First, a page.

So, in the days leading up to Valentine’s Day, I figured I may as well leverage this new realization and see just how far I can take it.
Here was the methodology. Each day, I changed my bio to a first-date idea slightly stranger than the one before. (Strangeness is definitely subjective, so I’ll disclose the bios I wrote, because I, too, am unconvinced that they ramp up linearly.) I swiped right on the first 50 people that appear on my Tinder, and then waited 24 hours before counting how many people messaged me and referred to my bio.
Before we get into the data analysis section of this article, I need to admit that I had some help. I’m not that creative of a person when it comes to date ideas, and it was genuinely a struggle to come up with date ideas that were weird but not weird enough that people would think they were jokes. I Googled “Valentine’s date ideas,” and consulted the first website Google suggested: lifehack.org. This list had some strange date ideas, although they definitely leaned toward date ideas for those in committed relationships, rather than first-date ideas. But, considering the state of Stanford’s hookup culture, maybe that just makes them even stranger.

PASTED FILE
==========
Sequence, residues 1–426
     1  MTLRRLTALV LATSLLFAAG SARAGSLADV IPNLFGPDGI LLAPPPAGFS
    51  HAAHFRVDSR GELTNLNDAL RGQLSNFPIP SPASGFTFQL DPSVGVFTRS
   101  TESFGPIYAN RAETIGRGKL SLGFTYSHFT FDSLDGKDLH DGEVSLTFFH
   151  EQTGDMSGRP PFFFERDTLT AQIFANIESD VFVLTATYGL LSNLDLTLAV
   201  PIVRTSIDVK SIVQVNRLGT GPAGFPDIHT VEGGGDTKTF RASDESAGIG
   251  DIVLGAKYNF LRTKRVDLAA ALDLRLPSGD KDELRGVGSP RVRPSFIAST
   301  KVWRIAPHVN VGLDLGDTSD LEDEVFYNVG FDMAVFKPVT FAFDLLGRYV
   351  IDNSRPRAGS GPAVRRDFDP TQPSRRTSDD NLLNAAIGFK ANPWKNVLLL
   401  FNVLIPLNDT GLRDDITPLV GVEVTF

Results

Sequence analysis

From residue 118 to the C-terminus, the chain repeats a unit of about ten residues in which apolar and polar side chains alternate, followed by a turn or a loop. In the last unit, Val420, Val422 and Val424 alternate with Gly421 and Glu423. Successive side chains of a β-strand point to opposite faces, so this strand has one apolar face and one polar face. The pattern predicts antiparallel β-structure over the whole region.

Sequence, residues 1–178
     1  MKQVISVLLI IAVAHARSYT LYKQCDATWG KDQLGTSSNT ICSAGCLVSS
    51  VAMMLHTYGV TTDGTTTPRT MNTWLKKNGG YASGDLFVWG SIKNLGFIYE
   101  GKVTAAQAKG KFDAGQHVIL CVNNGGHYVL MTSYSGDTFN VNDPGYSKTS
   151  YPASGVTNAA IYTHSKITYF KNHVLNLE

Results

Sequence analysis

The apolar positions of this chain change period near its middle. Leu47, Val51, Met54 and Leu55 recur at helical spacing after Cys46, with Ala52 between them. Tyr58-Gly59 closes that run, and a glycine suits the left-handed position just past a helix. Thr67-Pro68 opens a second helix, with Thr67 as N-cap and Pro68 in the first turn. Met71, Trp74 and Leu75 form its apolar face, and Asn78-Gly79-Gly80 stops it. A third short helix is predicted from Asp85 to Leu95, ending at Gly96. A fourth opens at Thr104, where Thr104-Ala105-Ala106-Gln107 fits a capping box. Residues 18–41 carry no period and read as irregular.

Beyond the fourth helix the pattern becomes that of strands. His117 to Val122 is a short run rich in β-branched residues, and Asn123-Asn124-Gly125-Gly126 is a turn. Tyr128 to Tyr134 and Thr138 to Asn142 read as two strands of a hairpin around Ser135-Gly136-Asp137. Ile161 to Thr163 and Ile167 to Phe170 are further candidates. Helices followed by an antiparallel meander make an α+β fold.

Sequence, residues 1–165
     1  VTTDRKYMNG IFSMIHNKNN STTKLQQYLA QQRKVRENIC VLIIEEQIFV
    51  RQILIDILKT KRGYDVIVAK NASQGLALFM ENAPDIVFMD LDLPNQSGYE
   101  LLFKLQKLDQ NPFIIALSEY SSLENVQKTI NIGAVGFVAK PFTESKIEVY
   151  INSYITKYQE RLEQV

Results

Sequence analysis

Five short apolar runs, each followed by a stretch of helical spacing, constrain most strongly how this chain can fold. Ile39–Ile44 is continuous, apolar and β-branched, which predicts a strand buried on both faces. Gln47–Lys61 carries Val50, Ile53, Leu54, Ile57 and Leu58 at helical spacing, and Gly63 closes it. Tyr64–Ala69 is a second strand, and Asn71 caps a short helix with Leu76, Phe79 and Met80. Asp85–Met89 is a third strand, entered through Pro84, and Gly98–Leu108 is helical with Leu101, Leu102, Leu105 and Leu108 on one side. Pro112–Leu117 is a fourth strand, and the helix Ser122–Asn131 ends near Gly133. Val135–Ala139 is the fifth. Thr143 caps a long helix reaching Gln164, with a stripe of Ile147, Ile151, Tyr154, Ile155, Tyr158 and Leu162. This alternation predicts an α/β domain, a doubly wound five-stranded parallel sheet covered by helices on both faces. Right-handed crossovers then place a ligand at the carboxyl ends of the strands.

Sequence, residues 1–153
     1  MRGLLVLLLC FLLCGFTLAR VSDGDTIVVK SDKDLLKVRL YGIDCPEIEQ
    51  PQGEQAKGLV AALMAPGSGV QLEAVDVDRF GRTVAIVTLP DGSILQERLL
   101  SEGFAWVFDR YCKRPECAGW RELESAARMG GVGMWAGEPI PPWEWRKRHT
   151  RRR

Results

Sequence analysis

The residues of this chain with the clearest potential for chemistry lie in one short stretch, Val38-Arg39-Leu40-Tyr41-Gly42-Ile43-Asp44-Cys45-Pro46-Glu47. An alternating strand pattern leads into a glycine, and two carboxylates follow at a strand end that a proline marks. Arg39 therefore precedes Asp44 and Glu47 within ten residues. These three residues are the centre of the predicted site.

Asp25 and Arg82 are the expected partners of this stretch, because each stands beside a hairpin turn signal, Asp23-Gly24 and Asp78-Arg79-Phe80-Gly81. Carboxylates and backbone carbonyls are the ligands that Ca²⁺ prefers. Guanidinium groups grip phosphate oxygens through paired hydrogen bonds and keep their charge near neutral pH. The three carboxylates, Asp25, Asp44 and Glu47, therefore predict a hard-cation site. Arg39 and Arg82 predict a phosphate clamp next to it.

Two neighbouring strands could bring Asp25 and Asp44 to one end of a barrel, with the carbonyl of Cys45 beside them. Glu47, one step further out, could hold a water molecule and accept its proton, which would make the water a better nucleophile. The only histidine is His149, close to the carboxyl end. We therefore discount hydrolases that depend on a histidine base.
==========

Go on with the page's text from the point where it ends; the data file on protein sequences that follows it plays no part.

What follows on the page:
Day 1: “So here’s what I’m thinking. You, me, rom-com marathon & pizza-my-heart.”
Intended to be the most normal one, this one was inspired by number one on lifehack.org’s “40 Amazing Date Ideas for Valentine’s Day.” In some ways, the bio feels very Netflix and chill, but also simultaneously anti-Netflix and -chill.
Of the 50 people I swiped right on, six responses referred to the date idea. This first one made me really consider adding the fact that I’m from New York to my bio: